killings of political opponents after the war, "cleansing" of the territory from class
enemies, robbery and legalization of collective theft, physical violence, offenses
against physical integrity and human dignity, police terror, deprivation of liberty by
unlawful arrests, forced labor in concentration camps, political infringements into
the professional environment of individuals as well as on fear, deceptions, and lies
(2016, p. 124; see also Dizdar 2013, pp. 162-163; Rulitz 2015, p. 122).
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5 Politics: Legacy of the Past for the Present
In 1990, a group of Slovenian historians and journalists began the process of uncovering
concealed mass gravesites in their homeland (Leljak 2015; Leljak 2017a; Leljak 2017b;
Leljak 2017d). According to Dr. Mitja Ferenc, Associate Professor of History at the
University of Ljubljana and member of the Commission of the Republic of Slovenia
Government to Resolve the Issue of Concealed Mass Graves, whom the author
interviewed in August 2016:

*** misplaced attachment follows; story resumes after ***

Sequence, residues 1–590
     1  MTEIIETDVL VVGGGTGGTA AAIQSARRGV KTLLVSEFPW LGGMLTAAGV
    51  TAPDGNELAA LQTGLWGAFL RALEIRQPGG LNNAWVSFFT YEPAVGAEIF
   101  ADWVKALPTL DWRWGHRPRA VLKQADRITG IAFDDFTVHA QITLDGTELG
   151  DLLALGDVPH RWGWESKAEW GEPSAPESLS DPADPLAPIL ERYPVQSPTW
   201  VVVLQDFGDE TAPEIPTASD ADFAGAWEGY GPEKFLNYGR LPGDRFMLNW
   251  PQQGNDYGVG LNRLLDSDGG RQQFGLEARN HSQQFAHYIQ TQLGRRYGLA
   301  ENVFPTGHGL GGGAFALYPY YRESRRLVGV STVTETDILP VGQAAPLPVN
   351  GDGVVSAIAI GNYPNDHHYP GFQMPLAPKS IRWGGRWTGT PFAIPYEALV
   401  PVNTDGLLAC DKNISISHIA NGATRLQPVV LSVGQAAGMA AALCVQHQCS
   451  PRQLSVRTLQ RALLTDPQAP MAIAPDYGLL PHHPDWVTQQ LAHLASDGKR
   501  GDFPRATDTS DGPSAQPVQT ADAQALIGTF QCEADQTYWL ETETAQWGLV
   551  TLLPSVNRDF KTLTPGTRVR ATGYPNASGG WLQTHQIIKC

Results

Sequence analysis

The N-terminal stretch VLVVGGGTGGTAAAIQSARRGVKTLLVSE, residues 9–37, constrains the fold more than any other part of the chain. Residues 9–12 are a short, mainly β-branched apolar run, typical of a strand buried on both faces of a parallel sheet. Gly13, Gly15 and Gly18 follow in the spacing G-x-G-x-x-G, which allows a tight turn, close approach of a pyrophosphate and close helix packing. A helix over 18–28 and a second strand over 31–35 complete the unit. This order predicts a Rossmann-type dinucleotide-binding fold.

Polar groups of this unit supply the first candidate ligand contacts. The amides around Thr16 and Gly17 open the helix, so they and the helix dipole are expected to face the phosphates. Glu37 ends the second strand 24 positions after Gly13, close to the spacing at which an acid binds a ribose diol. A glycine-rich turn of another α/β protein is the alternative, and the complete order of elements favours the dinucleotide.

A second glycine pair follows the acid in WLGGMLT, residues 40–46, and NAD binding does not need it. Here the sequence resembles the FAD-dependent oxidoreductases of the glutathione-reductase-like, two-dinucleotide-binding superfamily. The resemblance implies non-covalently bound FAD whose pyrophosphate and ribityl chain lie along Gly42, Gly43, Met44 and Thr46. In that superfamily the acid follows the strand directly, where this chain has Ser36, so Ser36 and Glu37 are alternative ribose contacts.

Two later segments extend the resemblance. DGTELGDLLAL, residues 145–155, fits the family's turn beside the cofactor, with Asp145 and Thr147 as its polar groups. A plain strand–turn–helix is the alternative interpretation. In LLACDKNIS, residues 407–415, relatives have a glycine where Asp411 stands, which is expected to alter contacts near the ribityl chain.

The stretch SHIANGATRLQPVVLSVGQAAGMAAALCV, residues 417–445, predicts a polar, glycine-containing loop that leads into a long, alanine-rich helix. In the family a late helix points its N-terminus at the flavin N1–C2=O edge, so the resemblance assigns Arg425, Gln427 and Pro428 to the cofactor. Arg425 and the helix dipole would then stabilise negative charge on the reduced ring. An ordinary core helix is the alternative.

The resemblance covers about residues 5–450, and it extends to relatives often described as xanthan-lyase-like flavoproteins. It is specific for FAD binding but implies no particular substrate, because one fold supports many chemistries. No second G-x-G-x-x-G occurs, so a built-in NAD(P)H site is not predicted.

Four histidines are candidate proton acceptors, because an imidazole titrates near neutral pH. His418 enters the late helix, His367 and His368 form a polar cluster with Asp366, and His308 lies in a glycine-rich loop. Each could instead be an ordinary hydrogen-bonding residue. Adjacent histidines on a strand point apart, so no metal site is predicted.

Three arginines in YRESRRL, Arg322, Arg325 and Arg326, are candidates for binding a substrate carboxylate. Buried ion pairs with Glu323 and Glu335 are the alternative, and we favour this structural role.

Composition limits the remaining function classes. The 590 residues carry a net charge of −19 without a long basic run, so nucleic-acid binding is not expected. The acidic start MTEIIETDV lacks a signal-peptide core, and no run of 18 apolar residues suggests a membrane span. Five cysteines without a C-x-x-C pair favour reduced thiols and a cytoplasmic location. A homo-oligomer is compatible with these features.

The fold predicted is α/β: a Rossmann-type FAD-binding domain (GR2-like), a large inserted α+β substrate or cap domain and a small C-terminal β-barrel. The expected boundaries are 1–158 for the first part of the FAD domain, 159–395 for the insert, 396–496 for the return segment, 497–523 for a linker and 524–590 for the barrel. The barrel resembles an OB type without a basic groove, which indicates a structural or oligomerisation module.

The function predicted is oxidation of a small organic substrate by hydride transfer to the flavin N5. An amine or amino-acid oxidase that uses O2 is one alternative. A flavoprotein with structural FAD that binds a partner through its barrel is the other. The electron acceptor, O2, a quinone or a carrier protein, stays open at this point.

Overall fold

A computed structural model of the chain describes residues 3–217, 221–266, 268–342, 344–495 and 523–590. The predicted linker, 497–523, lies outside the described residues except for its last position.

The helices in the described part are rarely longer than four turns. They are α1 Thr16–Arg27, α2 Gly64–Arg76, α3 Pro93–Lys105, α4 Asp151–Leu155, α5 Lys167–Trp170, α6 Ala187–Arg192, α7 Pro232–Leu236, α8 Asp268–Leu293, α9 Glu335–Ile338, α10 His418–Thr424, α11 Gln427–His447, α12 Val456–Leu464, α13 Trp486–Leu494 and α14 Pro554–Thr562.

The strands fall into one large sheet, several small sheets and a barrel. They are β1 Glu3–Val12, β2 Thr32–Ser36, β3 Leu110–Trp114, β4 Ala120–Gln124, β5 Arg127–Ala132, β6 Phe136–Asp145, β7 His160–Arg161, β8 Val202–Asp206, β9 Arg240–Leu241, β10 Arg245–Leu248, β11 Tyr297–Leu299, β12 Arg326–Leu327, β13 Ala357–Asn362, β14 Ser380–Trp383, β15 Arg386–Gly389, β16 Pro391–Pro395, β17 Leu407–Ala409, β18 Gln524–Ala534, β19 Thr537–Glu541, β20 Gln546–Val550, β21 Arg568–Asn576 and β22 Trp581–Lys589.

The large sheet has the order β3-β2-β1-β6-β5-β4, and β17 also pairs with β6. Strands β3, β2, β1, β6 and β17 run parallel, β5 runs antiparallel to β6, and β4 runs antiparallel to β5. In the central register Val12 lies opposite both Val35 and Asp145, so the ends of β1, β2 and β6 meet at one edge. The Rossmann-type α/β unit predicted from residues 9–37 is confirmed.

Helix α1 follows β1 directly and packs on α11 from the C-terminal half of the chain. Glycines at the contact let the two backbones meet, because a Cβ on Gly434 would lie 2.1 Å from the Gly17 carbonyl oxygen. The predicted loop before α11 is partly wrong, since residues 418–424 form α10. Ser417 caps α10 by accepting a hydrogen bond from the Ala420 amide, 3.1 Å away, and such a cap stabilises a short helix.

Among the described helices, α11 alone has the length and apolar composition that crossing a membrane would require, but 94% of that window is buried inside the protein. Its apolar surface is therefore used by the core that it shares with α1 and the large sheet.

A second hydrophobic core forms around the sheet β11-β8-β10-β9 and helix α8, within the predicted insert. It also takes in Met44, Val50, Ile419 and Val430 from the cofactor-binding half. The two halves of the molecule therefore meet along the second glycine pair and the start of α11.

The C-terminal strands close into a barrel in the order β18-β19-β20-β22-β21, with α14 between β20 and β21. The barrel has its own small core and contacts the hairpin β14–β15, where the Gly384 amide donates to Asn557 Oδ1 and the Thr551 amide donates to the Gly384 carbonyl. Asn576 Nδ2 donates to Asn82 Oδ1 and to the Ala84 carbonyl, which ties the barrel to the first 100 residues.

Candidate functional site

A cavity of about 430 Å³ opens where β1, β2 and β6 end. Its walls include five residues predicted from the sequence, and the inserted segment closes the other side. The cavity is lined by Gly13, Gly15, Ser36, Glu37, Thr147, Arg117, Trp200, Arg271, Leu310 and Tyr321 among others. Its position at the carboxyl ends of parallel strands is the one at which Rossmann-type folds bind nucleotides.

In these past 26 years as I worked at secret grave sites, I saw unbelievable things.
But what I saw here in Huda Jama, such a horrific scene, I will never forget. We
dug the gravesite for 8 months. There were 11 concrete walls that blocked our
passage to the inside. The widest wall was 1.2 meters deep, supported by 11 iron
rods. It was clear that they constructed it all together in such a way that no one
would ever find out this horrible truth.
Dr. Ferenc, the son of a noted historian and Partisan leader, continues:
After we walked a short distance, we stepped on a huge pile of human bodies.
Those bodies were still intact, in one piece, you could see everything: skin, ears,
hair. Later, we discovered there were eight rows of human bodies lying on top of
one another. It seems that people were forced to lie down on the dead bodies